The Wildcats sharpen their claws, waiting to return to the gridiron

Miles Shaw

Homecoming Week has arrived for the Wildcats. The week usually consists of festivities draped in Weber State purple and a hard-hitting Wildcat football game capping off the week, but due to the pandemic it will be a bit different this year.

The Weber State Wildcat football team runs onto the field before the game begins while pyrotechnics erupt in the background. (Kalie Pead/The Signpost)
The Weber State Wildcat football team runs onto the field before the game 2019 Homecoming game begins while pyrotechnics erupt in the background. (Kalie Pead / The Signpost) Photo credit: Signpost Archives

One major difference is the missing gridiron battle this fall, and along with it the absence of Wildcat fans cheering along their team as pads and helmets crash together in the pursuit of a Wildcat win.

Instead, the only sound will be the deafening silence of Stewart Stadium as it sits empty, awaiting football’s return.

However, even with no games this season, victory is no stranger in Stewart Stadium. As the Wildcats work to get better each and every practice, victory is always the goal.

Associate head football coach Brent Myers said the team did their normal summer workouts in June and July, but they trained following COVID-19 protocols.

The team has protocols to follow, but they were still able to complete 10 walkthroughs this summer while following guidelines set by the NCAA, even though their spring was cut short due to the pandemic.

“The kids were so excited to get into spring ball, and continue to practice and get better, and then when we had spring athletics canceled; that was definitely a disappointment,” Myers said.

During the last week of September, the Wildcats opened “fall ball,” which is the equivalent of spring practice, but in the fall. It consists of 15 practices in about a 30-day period.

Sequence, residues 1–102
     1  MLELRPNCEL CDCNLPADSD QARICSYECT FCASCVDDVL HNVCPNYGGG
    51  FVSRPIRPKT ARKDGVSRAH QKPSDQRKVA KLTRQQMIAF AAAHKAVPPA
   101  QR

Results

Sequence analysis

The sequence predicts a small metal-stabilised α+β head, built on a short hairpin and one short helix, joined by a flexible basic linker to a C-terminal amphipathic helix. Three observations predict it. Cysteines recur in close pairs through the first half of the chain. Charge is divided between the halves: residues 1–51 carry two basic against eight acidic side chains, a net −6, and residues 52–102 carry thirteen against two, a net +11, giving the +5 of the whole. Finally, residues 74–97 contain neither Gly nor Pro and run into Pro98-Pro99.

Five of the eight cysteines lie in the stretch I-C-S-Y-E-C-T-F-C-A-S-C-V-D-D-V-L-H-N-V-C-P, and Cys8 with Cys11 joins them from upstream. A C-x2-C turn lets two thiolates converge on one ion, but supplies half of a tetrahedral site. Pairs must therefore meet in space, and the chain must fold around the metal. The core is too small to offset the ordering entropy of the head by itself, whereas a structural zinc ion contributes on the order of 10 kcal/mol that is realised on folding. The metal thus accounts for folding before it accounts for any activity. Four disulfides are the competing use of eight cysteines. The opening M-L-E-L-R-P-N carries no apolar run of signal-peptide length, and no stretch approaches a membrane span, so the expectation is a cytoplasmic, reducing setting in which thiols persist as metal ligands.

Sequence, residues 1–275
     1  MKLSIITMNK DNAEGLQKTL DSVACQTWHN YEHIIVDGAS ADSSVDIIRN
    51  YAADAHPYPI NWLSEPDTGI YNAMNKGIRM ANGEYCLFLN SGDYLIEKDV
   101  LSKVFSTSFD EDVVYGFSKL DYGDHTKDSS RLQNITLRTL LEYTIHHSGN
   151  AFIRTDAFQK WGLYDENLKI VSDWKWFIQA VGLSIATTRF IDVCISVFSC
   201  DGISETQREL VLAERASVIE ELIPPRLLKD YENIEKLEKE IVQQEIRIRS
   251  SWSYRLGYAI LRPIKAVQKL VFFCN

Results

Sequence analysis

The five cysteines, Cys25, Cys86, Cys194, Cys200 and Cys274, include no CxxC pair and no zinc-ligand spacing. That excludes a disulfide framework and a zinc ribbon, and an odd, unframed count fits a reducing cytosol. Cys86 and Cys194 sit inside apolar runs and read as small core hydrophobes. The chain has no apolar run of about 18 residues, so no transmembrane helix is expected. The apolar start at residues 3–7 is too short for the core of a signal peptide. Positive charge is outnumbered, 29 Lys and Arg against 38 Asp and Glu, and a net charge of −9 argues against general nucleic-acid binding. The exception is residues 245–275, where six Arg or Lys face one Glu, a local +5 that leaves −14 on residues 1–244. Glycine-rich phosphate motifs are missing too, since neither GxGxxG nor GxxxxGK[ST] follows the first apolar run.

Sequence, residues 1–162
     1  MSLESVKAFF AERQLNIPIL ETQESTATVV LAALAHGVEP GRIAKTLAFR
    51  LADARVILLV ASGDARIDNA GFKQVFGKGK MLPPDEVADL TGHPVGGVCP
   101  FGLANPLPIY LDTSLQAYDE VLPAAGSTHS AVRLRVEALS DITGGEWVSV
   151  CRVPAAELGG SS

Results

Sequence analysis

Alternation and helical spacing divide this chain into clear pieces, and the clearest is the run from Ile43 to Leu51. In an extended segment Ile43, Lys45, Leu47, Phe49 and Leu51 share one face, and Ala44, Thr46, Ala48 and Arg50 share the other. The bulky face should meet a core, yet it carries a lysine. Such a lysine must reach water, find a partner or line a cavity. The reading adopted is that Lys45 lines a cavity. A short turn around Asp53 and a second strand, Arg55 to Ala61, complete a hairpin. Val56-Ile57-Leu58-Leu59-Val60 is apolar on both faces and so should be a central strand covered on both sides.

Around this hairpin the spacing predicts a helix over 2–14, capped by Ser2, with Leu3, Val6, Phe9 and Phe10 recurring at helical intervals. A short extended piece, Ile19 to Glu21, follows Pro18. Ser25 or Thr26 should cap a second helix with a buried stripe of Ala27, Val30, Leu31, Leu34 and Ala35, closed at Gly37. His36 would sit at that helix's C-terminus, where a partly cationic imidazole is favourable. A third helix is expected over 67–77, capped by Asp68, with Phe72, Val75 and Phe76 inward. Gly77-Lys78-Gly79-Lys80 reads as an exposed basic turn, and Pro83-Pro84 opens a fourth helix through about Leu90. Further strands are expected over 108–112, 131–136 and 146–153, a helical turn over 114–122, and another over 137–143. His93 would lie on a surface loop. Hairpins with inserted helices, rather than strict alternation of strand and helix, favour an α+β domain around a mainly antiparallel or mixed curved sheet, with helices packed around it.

“The NCAA rules and the Big Sky Conference are allowing teams to practice in restricted numbers and groups, so we’re getting the opportunity to do that in the fall, and we decided as a staff to do that in September and October so we could get decent weather,” Myers said.

With the team in the midst of “fall ball” right now, Weber football is also in unprecedented territory, as it’s the first time in school history that a whole football season has been postponed.

While history has been made in a negative way, there are plans being put in place for the season to be played.

Big Sky Conference Commissioner Tom Wistrcill recently spoke with the Weber State Athletics ‘Cat Tales Podcast about the upcoming season and the plan in place for it to begin.

“At this point we’re working off some different models, but we’re looking at eight games, conference only, starting around Feb. 20. We’ll be trying to fit those eight games over nine weeks,” Wistrcill said.

With the Big Ten and Pac-12 Conferences announcing schedules beginning in late October, the Big Sky Conference still only has plans for playing in the spring.

“To me, it’s not about the possibility, it’s about the opportunity. Our opportunity is in the spring, we’ve made that decision. We’re ready to move on and we’re looking forward to a great spring schedule,” Wistrill told 406 MT Sports last week.

At the Pep Rally on Oct. 5, Jay Hill announced to cheering fans the potential return of WSU football in February 2021. When the season does arrive, victory will be on the minds of Wildcat fans: it’s been a common occurrence for the Wildcats.

They have won the Big Sky Conference the last three years, while also only losing two games in Ogden in the last two seasons.

“We had such a good season last year, I think the kids are feeling pretty good about the fact we’re going to have a spring season. I think there’s a little renewed hope that everything will work out,” Myers said.

While Weber State’s football season and the rest of the Big Sky Conference is cemented in the spring, and with major Division I Conferences like the Pac-12 and Big Ten beginning play at the end of October, there’s hope the scheduled Big Sky season will kickoff as planned.

Of course, just as the NFL, the highest level of football, is experiencing schedule interruptions, changing plans due to COVID-19 is always a possibility.

All Wildcat fans can do is wait and be ready to cheer on Weber State when they return to their lair at Stewart Stadium for an opportunity to defend their back-to-back-to-back Big Sky Conference titles.